With the ‘outing’ in the Times and then in the press generally of the more aggressive tax planning schemes, the K2 scheme provider which had been exposed said in a conference that far from their business being declining, they had increased sales by 40%!. The publicity generated made tax payers more aware of the availability of such schemes.
However HMRC have reportedly sent letters directly to 1,500 people who have signed up to one particular avoidance scheme, urging them to pull out and contact the authorities about their tax affairs.
The letters, thought to be the first of their kind, are seen as a pre-emptive strike by HMRC prior to a legal challenge to the as yet unspecified avoidance scheme. Among the suspected schemes are loss making film partnerships, or the K2 scheme reportedly used by the comedian Jimmy Carr!
HMRC’s tax avoidance spotlights page, meanwhile, includes new details of “highly artificial” share loss relief schemes where shares are interested in supposedly high risk ventures that are subsequently wound up, with the resulting capital losses on the shares set against the shareholders’ taxable income.
A number of share loss relief schemes were under criminal investigation and whether or not charges are ever brought, HMRC warned: “Where an individual uses one of these schemes, HMRC will open an enquiry into the return and won’t make any tax repayment claimed. If information is concealed, or if incorrect or misleading information is provided, HMRC may also seek civil penalties or – in appropriate cases – consider criminal prosecution”.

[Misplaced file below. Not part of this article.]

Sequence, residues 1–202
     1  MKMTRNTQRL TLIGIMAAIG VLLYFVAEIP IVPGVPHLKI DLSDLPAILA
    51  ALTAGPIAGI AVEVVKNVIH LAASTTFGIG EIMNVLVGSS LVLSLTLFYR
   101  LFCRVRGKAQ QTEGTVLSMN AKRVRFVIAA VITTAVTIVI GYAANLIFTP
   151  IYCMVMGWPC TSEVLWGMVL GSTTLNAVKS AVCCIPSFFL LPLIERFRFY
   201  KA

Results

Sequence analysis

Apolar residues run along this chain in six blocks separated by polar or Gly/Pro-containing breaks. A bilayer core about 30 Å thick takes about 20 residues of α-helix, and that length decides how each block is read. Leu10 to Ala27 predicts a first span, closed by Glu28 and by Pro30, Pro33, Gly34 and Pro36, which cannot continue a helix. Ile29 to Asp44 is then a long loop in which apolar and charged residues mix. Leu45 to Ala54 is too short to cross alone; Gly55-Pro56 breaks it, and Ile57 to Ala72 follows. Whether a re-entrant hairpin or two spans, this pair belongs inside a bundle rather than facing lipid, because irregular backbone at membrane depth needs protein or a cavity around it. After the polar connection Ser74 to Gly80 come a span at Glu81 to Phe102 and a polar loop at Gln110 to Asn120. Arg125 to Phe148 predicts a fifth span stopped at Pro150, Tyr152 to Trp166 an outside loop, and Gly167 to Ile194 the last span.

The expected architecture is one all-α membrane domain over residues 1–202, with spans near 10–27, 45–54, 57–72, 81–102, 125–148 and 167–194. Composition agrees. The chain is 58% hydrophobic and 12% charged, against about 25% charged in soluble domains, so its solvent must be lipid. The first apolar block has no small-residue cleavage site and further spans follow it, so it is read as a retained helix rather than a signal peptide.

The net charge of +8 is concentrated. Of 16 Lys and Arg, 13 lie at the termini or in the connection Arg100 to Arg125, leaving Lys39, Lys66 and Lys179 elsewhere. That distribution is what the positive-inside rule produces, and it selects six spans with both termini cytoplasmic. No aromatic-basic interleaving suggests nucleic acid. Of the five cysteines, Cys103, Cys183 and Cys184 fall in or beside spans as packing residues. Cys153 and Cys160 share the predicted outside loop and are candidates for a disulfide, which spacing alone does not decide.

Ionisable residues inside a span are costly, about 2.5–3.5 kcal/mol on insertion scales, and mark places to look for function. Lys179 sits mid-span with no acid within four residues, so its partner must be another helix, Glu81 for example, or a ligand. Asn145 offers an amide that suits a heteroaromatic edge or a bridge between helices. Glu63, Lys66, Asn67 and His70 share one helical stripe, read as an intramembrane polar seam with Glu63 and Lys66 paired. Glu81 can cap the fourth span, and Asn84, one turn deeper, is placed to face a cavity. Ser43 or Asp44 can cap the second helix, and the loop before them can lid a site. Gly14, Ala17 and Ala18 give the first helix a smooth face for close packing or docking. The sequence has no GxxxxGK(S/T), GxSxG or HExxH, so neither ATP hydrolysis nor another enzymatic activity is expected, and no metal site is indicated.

While HMRC was unwilling to confirm the specific scheme being targeted, a spokesman said it would be unwise to assume the Spotlighted schemes were the focus of its warning letters. Nonetheless, the messages were very consistent.
According to the BBC, four different versions of the warning letter went out, with one stating:
“You are in the small minority of people who have made the deliberate choice to avoid tax. We focus our resources on this small minority. The choice that you have made changes the way we view your tax affairs.
Our specialist Investigations Unit will be carrying out a full investigation into this scheme and they will open an enquiry into your tax affairs”.
In a statement, HMRC explained: “The letters are designed specifically to get those using marketed avoidance scheme to contact us and settle up. We are acting on behalf of the vast majority of people who don’t try to get around the rules. We are cracking down hard on tax dodging”.
Tax avoidance continues to make headlines, as it has done all year, and this new hardball approach to users of aggressive avoidance schemes looks as though the department has been stung into action by the recent NAO report criticising its lack of action on more than 41,000 schemes reported under the disclosure of tax avoidance schemes (DOTAS) mechanism.
But is should be said that less than 0.1% of these schemes (40) have been successfully challenged by HMRC in the past two years. Of course this covers a range of ‘schemes’ for relatively conventional planning to highly aggressive and artificial.
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